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Inside Dentistry
June 2022
Volume 18, Issue 6

Maxillary Incisor Replacement for a Patient With High Esthetic Demands

Partial extraction therapy maintains gingival architecture for immediate implant placement

Rick Ferguson, DMD

The use of dental implants to replace missing teeth has become the norm in many instances; however, challenges still remain, particularly in the esthetic zone. Research into partial extraction therapy has added a useful tool to clinicians' armamentaria to overcome problems associated with resorption of the buccal aspect of the ridge following extraction and implant placement. Partial extraction therapy for immediate implant placement involves sectioning the crown from the roots, sectioning the roots mesiodistally, and then extracting the palatal portion, leaving a thin shell of the buccal root intact and attached to the bone and periodontal tissues to help preserve the ridge. The following case demonstrates the benefits of partial extraction therapy for a patient with high esthetic demands.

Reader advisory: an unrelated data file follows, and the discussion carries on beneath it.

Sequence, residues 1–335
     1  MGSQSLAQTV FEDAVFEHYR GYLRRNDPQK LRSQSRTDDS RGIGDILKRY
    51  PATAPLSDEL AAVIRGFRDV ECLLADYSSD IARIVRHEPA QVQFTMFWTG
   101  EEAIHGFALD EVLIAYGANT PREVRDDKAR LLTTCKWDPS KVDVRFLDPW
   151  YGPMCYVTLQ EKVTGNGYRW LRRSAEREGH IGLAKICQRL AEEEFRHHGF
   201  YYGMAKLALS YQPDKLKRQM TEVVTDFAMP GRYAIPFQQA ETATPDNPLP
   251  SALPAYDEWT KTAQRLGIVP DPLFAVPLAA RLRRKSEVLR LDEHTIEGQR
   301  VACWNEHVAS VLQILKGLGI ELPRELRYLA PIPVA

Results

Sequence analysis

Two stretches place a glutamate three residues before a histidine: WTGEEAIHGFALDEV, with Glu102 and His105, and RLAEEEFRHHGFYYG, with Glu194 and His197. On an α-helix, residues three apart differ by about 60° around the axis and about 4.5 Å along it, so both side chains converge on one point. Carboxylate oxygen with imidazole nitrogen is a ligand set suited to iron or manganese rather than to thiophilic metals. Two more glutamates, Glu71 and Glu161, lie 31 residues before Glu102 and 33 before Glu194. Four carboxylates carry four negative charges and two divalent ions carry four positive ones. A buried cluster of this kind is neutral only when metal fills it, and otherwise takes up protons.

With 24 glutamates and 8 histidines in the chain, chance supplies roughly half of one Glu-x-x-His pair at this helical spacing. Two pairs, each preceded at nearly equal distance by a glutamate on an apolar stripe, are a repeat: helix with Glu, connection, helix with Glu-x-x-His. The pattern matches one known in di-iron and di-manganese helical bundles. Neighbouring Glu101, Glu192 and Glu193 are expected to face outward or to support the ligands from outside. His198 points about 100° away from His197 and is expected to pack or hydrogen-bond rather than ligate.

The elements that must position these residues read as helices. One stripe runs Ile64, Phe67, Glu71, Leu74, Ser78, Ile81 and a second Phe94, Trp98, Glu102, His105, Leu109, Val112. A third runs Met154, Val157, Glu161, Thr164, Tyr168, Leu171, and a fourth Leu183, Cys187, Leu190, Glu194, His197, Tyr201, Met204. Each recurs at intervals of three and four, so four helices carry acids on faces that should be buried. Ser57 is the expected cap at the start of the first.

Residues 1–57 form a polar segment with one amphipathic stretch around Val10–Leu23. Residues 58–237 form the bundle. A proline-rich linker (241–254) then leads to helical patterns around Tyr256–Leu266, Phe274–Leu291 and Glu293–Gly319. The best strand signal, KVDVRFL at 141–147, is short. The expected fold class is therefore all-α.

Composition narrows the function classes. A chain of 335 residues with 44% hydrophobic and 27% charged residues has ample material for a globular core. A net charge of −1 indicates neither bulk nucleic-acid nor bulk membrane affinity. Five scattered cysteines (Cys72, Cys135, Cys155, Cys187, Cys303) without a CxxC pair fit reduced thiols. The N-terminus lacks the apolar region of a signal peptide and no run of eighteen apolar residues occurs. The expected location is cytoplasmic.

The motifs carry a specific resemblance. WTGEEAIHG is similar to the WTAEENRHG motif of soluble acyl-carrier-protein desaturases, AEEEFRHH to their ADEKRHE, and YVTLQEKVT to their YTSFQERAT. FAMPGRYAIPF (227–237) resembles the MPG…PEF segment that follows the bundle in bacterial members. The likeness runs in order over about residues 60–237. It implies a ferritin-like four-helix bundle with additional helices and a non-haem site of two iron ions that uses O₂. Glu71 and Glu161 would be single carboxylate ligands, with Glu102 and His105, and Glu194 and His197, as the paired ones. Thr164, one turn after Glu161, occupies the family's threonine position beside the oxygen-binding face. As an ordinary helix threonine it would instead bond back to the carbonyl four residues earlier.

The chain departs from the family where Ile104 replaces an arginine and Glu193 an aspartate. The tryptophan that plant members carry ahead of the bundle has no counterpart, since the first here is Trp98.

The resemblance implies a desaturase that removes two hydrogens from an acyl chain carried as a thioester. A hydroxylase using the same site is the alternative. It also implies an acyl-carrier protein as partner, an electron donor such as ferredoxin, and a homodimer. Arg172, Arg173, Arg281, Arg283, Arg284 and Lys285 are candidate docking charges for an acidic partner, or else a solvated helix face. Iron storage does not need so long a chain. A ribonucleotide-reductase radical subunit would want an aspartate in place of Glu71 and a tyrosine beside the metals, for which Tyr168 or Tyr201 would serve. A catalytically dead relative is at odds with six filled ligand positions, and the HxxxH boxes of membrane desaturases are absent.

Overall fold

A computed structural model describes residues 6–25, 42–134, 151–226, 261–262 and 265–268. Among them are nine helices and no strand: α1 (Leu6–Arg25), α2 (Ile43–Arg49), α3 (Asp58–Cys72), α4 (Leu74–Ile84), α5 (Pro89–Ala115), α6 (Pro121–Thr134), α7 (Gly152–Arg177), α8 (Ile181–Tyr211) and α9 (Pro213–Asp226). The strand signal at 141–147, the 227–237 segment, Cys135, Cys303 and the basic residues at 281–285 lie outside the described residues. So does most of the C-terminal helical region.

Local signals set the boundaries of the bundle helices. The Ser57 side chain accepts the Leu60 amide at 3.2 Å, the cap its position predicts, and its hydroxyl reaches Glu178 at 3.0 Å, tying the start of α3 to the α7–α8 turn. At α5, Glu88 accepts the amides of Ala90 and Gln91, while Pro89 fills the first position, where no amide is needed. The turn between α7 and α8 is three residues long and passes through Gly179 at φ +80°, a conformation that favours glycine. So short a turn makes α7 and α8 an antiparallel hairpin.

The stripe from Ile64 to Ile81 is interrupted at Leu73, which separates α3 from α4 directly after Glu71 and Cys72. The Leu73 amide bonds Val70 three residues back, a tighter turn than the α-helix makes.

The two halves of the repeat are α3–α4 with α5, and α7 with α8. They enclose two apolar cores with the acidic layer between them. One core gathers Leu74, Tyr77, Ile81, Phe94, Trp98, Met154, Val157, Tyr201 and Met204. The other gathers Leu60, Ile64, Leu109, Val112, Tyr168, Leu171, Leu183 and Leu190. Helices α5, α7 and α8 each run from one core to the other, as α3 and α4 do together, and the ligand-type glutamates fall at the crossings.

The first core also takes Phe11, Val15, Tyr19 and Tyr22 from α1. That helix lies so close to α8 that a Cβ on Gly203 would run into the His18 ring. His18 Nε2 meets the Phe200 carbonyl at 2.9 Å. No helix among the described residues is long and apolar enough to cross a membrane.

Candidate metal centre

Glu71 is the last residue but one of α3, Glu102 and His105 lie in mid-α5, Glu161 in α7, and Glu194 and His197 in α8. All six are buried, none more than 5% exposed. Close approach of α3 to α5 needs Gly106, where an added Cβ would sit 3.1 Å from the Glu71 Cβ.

Case Report

A 59-year-old female patient presented to the practice for a second opinion regarding a draining fistula on the palatal aspect of the gingiva associated with tooth No. 8. Previously, she had been advised by another dentist that because there was most likely a root fracture, the tooth should be extracted and replaced with an implant. A cone-beam computed tomography (CBCT) scan (CS 8100, Carestream Dental) was performed, which revealed the presence of a long post that extended palatally to the edge of the root (Figure 1). The post space appeared to have been prepared outside of the root canal space, leaving a thin area on the palatal portion of the root with the possibility of a palatal root perforation.
A weakened area like this is prone to stress fracture from any lateral forces on the post transmitted through the crown, so the previous dentist's impression that root fracture was the cause of the fistula appeared to be correct.

Treatment Planning